Housing Market Made Better because of the Approved Senate Bill

14 January, 2013 (16:19) | News | By: Keith and Mary Williams

On January 1st, 2013 the U.S. House of Representatives approved a bill to avoid the fiscal cliff and make the current housing market more stable. Congress extended the tax relief on mortgage debt forgiveness for an additional year and left the mortgage interest deduction rate alone.  The fiscal cliff is a term to describe the economic consequences the United States will face if certain provisions aren’t made by congress.

To help prevent a disaster scenario, the government helped by holding the federal funds rate target at zero and created programs to help home owners reduce their monthly mortgage payments to more sustainable levels.  The latest loan modification will also help homeowners to refinance when home values go up. Mortgage defaults in conjunction with home closings; this will help to strengthen the housing market to hopefully make a rebound. Consistent low interest rates should also encourage people to buy more.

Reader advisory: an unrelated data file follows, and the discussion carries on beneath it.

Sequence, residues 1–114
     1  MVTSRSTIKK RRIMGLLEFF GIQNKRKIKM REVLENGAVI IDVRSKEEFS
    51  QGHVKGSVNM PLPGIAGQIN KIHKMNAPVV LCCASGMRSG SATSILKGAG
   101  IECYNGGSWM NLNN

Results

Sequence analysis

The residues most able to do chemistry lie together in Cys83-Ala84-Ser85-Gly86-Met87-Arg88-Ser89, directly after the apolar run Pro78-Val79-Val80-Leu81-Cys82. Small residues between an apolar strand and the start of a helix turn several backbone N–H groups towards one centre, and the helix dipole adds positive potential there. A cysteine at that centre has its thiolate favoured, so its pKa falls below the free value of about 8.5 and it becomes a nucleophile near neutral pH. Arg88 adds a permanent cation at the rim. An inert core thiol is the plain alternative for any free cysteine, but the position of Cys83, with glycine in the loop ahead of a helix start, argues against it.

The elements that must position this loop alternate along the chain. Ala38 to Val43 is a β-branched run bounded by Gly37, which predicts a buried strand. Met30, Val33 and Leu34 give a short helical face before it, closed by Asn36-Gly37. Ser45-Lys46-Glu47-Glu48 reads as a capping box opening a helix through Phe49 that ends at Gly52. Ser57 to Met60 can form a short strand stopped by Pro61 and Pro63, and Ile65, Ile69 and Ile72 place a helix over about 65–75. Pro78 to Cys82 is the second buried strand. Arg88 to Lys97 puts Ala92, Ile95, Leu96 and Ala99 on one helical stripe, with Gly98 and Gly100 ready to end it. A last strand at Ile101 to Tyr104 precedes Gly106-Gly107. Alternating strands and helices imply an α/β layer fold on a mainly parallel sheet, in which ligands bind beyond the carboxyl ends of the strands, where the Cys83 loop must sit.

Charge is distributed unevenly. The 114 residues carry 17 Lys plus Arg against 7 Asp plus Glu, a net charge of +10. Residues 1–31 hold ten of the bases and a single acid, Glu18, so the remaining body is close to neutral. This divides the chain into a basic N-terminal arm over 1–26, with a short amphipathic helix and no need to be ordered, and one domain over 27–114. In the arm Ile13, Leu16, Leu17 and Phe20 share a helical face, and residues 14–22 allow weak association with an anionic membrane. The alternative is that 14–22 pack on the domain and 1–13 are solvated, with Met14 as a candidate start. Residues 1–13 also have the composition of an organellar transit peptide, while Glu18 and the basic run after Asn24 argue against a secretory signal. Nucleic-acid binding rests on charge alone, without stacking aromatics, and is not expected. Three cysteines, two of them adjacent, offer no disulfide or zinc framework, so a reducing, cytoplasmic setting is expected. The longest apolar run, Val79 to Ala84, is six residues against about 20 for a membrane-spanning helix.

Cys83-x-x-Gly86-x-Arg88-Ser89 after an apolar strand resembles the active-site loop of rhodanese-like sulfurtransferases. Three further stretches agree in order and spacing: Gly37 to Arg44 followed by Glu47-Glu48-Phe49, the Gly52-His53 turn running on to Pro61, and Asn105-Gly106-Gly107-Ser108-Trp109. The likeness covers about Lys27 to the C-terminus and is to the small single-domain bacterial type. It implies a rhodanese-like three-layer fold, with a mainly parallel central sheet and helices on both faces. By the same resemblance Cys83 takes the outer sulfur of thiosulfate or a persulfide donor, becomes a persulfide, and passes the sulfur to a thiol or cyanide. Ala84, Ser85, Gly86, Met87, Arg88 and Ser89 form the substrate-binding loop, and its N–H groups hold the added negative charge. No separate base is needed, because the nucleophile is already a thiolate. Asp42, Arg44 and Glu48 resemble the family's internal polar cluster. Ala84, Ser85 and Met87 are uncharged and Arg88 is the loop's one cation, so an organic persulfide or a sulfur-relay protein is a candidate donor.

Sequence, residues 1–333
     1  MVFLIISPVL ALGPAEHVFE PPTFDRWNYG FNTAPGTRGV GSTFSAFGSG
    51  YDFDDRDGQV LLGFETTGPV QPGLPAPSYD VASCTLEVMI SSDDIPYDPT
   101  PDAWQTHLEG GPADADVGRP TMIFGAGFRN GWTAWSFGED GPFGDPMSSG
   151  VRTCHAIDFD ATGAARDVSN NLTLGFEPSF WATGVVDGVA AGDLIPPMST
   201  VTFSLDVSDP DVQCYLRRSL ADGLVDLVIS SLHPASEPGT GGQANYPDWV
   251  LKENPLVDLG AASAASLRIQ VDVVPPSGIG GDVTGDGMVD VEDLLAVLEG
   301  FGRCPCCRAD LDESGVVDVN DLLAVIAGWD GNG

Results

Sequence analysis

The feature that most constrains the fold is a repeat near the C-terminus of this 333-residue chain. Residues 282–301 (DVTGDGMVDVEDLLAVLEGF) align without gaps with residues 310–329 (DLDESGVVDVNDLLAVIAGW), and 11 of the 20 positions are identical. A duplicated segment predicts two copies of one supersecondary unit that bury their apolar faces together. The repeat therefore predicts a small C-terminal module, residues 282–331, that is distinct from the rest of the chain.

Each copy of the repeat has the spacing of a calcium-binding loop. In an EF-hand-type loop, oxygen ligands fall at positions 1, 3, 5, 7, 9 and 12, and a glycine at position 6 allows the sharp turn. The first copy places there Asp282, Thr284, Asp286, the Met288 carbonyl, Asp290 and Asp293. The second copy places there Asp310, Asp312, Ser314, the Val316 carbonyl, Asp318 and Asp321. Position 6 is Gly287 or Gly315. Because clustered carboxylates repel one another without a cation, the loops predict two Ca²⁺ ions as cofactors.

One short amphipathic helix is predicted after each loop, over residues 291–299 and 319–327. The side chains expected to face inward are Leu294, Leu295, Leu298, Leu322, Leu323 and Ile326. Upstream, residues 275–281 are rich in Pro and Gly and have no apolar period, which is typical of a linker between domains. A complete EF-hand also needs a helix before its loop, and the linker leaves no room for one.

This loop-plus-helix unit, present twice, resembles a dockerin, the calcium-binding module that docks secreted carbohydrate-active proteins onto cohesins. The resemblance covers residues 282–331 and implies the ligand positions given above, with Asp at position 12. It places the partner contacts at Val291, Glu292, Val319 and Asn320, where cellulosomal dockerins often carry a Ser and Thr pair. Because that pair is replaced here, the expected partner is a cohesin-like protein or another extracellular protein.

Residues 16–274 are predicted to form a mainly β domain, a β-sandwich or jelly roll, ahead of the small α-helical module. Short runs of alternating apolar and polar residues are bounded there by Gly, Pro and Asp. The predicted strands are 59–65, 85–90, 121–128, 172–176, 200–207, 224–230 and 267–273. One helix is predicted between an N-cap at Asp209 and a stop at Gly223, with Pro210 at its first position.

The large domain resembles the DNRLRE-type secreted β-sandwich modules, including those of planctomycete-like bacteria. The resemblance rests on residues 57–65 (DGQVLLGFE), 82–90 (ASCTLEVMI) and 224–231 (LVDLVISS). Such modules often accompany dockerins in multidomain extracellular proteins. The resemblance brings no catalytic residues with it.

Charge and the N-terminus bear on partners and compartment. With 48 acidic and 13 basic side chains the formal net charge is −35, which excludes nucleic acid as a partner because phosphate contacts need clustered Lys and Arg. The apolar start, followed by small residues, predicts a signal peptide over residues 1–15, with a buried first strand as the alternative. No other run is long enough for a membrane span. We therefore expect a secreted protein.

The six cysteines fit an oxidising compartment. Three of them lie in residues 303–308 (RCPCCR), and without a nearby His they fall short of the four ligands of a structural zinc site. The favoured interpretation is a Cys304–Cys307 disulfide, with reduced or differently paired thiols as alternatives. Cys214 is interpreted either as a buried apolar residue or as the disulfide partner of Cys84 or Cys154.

While some areas are recovering quicker than others the market as a whole seems to be improving. Housing prices seem more appealing in many large housing markets, and prices are being driven down by an increase in property listings. With the mix of high, low-end homes selling lower and higher than they were over a year ago it should directly effect to our economy by generating more income from the sale of the higher-priced homes. Larger commissions, higher mortgage interest payments, higher lender fees and other higher expenditures on higher priced homes should all help to generate more income.

Demand for housing should also be improved by cheap borrowing costs. Low averages on 30-year fixed rate mortgages could help to spur recovery as well.

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